From an outsider's perspective, CrossFit seems a bit, well, cultish. From the super intense workouts (and injuries that often come with them) to the overall mindset, it's a bit intimidating to the layman.
One brave soul, Tyler Daswick from Men's Health, infiltrated this year's CrossFit's Wodapalooza Fitness Festival, the largest fitness competition apart from the CrossFit Games. Named after CrossFit's Workouts Of the Day (WOD), it was held in Miami Beach and gathered 1,550 athletes from 52 countries.
"There's music and grandstands and an ocean of near-nudity, but make no mistake, people aren't here for the imminent carnal pleasures," Daswick wrote of the festival. "They're here to work out as long, hard, and heavy as they can. They're here to support each other and be in community and share their fitness message with the world. This is paradise without sin, Eden before the apple."
Like any decent cult, Wodapalooza boasts two prophets: co-founders Steve Suarez (36) and Guido Trinidad (37), who argue that the cult feel of CrossFit is misunderstood.
"We believe in what it does to your body, but CrossFitters truly create a community, and that's what's so brilliant," Suarez told Daswick. "I'm sure you get people that say CrossFit is too culty, right? It has that stigma, but there's something special about this event. You'll feel it."
So how does the festival work? Daswick says to picture what you imagine a gladiator event to look like. "At Wodapalooza, athletes score points by completing each of the festival's nine workouts. The faster you finish, the more points you earn, and in some cases there are one-rep exercises where you can go for your max weight and earn additional points for big numbers," Daswick writes. "At the end of the weekend, the person with the highest total is declared champion. This is to say: These competitions are intense—less jazzercise, more gladiator pit."
The work these athletes are putting in is real — so real, it's a lil scary. Just look at an excerpt of Daswick's vivid imagery:
"Faces contort and strain and flood with blood and the air fills with shuddering screams. Sweat sprays the ground with every lip-biting grunt and the crowd holds up phones and takes videos and covers their mouths with their hands. Veins rise to the surface and throb thick. The movements—jerky pullups and trembling lifts—are graphic and frightening."
"You wait for something, anything, to pop or break, and when time's up and the spent bodies fall to the ground they all splay there for a while and shake with relief. When the athletes finally rise and begin to walk, you imagine the first mammals crawling out of the sea, fully evolved. All thoughts of fellowship evaporate: No community is worth such suffering."
Not entirely convinced of the festival's intensity? Take a gander at the kids' competition (because of course they start 'em young): row as fast as you can for 1,500 meters, then run 1,500 meters as fast as you can — in under 16 minutes. (By the way, 1,600 meters is a mile.)
"The kids all take off from the stage and up a little hill toward a line of rowing machines. They sit down and grab the handles and start tugging," Daswick writes. "The announcer booms, 'Do you want to have anything left at the end of this? No you don't!'"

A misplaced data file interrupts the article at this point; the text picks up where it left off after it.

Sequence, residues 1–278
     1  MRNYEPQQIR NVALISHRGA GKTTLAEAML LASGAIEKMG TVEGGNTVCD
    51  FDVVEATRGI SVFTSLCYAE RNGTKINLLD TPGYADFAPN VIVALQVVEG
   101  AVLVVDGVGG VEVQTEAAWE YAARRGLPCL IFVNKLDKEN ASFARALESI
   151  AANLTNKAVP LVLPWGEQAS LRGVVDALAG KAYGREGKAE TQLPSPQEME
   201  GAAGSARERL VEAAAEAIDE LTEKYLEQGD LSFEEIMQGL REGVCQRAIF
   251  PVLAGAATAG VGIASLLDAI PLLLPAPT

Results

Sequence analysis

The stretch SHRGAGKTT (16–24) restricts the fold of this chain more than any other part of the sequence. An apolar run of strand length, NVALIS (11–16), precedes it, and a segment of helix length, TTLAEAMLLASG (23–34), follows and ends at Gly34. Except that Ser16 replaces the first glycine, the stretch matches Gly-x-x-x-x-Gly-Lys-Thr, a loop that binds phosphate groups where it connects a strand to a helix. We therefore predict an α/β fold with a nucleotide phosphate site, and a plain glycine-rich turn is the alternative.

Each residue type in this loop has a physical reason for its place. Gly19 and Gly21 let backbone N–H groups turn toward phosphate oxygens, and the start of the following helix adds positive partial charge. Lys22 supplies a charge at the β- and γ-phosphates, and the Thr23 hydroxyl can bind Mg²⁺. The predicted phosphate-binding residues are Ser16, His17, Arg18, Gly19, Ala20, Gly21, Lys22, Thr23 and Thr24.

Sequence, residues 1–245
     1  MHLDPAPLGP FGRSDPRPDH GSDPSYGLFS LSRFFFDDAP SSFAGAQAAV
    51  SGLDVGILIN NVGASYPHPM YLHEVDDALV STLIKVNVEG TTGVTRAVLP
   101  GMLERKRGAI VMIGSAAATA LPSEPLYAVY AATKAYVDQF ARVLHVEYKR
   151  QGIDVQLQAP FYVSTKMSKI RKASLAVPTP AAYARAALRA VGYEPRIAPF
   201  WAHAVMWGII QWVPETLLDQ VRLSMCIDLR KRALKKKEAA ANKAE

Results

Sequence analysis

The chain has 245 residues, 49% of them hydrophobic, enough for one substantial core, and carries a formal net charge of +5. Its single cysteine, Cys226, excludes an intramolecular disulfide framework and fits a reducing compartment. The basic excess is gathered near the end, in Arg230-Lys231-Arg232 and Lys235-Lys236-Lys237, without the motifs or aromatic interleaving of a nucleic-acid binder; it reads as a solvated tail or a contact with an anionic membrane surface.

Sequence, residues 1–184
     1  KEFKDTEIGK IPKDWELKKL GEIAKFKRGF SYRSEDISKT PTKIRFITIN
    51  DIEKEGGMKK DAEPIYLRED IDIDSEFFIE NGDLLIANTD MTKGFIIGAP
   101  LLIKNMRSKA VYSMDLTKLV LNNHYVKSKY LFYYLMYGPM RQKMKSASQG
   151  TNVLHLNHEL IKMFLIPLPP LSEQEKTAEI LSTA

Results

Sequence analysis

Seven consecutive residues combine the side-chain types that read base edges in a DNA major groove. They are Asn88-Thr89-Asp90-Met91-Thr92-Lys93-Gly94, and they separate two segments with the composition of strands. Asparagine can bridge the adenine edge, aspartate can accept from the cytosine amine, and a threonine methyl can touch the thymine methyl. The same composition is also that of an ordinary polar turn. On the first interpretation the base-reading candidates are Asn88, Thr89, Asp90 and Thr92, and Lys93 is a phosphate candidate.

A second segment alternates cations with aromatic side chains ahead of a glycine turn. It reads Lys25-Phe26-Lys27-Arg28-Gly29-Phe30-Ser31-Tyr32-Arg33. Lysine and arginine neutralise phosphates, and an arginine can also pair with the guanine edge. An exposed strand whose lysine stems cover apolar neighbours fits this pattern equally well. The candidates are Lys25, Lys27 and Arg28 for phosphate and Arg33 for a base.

"The kids row faster. The first athlete finishes his 1500-meter row and runs back down the hill, looking like he would enjoy nothing more than to be at home with his PS4. He clambers on the treadmill and pushes off and starts running, his eyes glued to his progress screen."
"As the other children join the first, something horrible happens: One kid takes his shirt off. He peels it away from his chest and flings it behind him and a couple parents cheer and then another kid is taking his shirt off and then it's like a giant chain reaction of little kids stripping their clothes off in the middle of the workout. A girl takes her shirt off, too."
"Not a single kid finishes all 3,000 meters. The announcer yells for time and the children crumple like husks and their little shirtless bodies quiver and heave. Two kids step down from their treadmills and puke all over their clothes and equipment. One kid is crying. The crowd is still yelling."
Co-founder Trinidad says being uncomfortable is part of what CrossFit's all about.
"What I love most is the effect CrossFit has on you and your character," Trinidad told Daswick. "We live in a world where everything's about comfort, comfort, comfort, yet a CrossFitter lives in a world where they get uncomfortable very often. No s--t; it's scary. To suffer so much, just to see how good you can be, is a rare quality in a human being."
But he knows that the public perspective of CrossFit needs to change, because quite frankly he sees it as more than an injury-prone workout. He sees it as a fitness revolution.
"Here's the thing," Trinidad told Daswick. "We have to minimize the negative publicity—injuries, things like that. CrossFit has created a fitness revolution. People were going to be worse than injured, they were going to be obese, have diabetes, be self-conscious, insecure. We want to let the rest of the fitness world know that CrossFit is a good thing. Hell yeah we like to look good, but that's not our purpose. We train for functionality. The definition and perspective in the eyes of people who don't do CrossFit needs to change for it to grow."
However, Daswick suggests that maybe it's the semi-exclusive attitude of the CrossFit community that needs to change.
"This place is as impressive as you would expect and as pure as you wouldn't. Nevertheless, for all its wholesome familial emphasis, it's impossible to shake the feeling that non-believers don't belong here," he writes.